Chopin: Desire For Love Release Date: 1 March 2002 (Poland) Genre: Drama | Romance | Music Director(s): Jerzy Antczak Writer(s): Jerzy Antczak & Jadwiga Baranska Staring: Piotr Adamczyk, Danuta Stenka and Sara Muldner Ehhhhhh. In 2004, MTI Home Video made some business decisions that I wasn’t too entirely thrilled with. One of those was their […]

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Chopin: Desire For Love
Release Date: 1 March 2002 (Poland)
Genre: Drama | Romance | Music
Director(s): Jerzy Antczak
Writer(s): Jerzy Antczak & Jadwiga Baranska
Staring: Piotr Adamczyk, Danuta Stenka and Sara Muldner

Ehhhhhh.

In 2004, MTI Home Video made some business decisions that I wasn’t too entirely thrilled with. One of those was their releasing of a few historical dramas, including Nate & Colonel, Bloom, and Chopin: Desire For Love. Admittedly, this was just a matter of personal preference, as direct-to-video dramas rarely turn out well in my opinion. They also typically fall flat on the market. And while I’ll likely never know if those three films were successful business wise, although we can gauge it by seeing if 2005 brings others, the latter of the three was pretty unspectacular nonetheless.

Budgeted at $3.5 million, Chopin: Desire For Love was certainly made with the intention of satisfying its audience in Poland. For those not up to date on your classical composers, which include those pronouncing the film’s title “Chŏpĭn,” the movie is about the life and love of Polish composer and pianist Fryderyk Chopin. Going in, I didn’t know much about Chopin. While writing this review, though, I can’t really muster the strength to say I care any more after watching Chopin.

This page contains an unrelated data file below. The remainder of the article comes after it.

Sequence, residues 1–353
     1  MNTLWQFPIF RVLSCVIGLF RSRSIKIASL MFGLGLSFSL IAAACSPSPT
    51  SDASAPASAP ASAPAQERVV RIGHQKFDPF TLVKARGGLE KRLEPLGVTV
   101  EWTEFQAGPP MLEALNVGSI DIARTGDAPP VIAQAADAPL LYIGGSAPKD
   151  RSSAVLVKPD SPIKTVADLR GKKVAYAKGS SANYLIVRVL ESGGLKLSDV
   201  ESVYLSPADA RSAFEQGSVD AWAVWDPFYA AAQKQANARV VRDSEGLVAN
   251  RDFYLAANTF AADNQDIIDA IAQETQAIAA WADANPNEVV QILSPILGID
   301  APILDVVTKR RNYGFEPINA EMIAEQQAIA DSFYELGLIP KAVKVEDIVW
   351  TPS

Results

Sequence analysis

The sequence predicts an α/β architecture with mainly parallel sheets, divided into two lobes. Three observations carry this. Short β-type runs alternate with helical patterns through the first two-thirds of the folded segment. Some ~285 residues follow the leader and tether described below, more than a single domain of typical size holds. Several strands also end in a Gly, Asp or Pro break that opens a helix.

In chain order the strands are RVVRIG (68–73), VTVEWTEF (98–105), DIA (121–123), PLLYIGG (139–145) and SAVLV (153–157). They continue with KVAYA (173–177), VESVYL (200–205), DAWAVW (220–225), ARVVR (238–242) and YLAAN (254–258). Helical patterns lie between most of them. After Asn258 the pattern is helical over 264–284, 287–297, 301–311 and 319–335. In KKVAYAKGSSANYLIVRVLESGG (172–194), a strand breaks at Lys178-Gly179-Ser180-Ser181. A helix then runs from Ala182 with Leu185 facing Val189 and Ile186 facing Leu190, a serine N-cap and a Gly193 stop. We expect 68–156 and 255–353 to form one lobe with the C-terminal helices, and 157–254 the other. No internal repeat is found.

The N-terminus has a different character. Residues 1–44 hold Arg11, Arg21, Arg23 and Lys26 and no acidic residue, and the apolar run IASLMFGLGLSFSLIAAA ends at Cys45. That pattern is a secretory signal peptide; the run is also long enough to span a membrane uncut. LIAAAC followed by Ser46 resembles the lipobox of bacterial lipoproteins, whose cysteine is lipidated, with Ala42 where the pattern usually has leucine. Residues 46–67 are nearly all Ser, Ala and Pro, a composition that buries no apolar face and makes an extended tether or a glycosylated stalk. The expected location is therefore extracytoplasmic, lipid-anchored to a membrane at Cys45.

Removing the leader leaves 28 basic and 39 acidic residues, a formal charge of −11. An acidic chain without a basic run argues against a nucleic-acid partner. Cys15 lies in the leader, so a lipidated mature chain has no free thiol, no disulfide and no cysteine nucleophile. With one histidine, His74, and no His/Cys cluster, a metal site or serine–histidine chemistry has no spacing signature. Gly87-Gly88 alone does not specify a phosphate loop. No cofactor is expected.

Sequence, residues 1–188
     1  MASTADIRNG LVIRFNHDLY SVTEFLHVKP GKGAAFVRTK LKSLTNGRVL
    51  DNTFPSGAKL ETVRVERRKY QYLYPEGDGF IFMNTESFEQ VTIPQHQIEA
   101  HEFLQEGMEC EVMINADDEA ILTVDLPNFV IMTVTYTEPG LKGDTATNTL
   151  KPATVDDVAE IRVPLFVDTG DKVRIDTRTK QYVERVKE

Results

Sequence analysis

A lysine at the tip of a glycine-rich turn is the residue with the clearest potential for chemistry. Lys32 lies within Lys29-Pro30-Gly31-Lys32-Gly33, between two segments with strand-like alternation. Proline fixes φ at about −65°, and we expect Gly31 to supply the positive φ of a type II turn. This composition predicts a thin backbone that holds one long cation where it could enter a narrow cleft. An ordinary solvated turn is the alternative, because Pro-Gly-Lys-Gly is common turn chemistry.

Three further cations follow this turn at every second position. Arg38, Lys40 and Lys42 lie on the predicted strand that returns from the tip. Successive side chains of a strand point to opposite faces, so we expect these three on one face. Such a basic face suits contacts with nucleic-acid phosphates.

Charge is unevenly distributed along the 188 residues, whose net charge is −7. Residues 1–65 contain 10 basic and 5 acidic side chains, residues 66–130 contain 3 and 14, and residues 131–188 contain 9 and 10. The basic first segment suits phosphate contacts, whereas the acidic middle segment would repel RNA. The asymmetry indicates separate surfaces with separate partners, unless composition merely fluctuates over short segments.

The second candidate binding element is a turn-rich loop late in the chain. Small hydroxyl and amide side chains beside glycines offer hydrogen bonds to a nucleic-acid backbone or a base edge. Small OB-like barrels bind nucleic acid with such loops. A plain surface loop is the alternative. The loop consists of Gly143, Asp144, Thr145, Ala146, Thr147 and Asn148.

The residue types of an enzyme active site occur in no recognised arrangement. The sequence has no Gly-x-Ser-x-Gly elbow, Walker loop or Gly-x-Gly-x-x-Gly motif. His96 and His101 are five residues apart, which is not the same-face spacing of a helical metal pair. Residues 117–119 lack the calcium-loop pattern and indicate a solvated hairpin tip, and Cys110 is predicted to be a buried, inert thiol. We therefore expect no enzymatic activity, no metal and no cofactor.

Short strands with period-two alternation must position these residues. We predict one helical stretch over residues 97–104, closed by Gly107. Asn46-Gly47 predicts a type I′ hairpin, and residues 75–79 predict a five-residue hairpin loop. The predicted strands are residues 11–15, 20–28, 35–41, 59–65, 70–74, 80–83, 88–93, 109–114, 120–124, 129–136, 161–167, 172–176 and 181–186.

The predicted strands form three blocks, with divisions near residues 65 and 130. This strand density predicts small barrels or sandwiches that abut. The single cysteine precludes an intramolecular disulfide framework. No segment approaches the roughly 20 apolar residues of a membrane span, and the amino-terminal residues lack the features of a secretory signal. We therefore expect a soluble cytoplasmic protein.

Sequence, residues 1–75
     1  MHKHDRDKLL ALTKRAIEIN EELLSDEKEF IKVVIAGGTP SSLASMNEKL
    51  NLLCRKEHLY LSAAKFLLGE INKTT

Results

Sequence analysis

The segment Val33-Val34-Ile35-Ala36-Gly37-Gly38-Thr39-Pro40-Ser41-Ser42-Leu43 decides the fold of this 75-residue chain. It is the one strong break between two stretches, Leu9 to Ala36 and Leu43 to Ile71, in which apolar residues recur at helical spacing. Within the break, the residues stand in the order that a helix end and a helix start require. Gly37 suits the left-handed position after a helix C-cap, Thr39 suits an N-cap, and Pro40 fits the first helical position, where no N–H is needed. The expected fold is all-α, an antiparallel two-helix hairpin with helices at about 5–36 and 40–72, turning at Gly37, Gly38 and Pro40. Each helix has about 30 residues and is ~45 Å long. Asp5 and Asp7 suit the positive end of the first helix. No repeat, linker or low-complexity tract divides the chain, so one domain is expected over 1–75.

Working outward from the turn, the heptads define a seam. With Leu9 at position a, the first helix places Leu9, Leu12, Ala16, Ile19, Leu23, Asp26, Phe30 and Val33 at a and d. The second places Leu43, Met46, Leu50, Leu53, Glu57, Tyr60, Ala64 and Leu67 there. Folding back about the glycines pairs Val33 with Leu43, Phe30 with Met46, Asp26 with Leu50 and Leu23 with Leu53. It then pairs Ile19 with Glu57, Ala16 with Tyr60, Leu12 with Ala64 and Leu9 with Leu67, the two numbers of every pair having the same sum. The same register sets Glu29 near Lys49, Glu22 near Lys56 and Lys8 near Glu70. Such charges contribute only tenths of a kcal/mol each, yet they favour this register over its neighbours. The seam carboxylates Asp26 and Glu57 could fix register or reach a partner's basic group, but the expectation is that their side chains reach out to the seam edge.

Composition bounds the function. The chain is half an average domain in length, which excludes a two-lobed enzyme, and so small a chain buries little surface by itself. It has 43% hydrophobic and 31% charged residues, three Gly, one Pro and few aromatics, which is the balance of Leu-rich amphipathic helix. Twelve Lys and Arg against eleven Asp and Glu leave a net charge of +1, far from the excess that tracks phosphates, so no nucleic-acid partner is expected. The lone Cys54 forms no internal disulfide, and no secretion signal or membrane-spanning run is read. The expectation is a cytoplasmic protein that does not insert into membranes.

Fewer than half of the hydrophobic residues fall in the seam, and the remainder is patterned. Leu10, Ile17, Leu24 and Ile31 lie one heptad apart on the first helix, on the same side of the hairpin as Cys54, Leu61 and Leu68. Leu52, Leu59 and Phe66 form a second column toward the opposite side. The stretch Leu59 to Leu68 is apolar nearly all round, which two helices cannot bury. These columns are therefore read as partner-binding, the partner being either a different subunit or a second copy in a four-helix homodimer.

Fleeing Poland in 1830 after finally having had enough of a boorish Grand Duke, Fryderyk Chopin enters Paris in hope of making a career for himself. While not having much initial luck, things brighten when he meets one George Sand, a female author considerably older than him. Starting a relationship, the two have to deal with protests from Sand’s older son Maurice, who will stop at nothing to ensure that their relationship fails to flourish after seeing them in bed one night. Chopin: Desire For Love follows this plot, along with one about Chopin’s sickness, through its two-hour runtime.

That is probably the film’s biggest problem. At two hours, Chopin is at times an experiment in patience. Certain scenes feel never ending, and others are just unnecessary. After being exposed to these flawed characters for so long, I found myself loathing both Chopin and the older son. Other times, I was just apathetic. Cut down a bit, Chopin would probably be quite enjoyable.

On the positive side of things, the movie’s budget is a big plus. Besides for a relatively poor transfer, Chopin does not look like a direct-to-video film. The music is especially vibrant, employing Chopin’s works throughout the telling of his life. The filmmakers also throw a little bit of comedy our way, with some of it actually working.

A below average film bolstered up thanks to its budget and historical setting.

DVD: Barebones.

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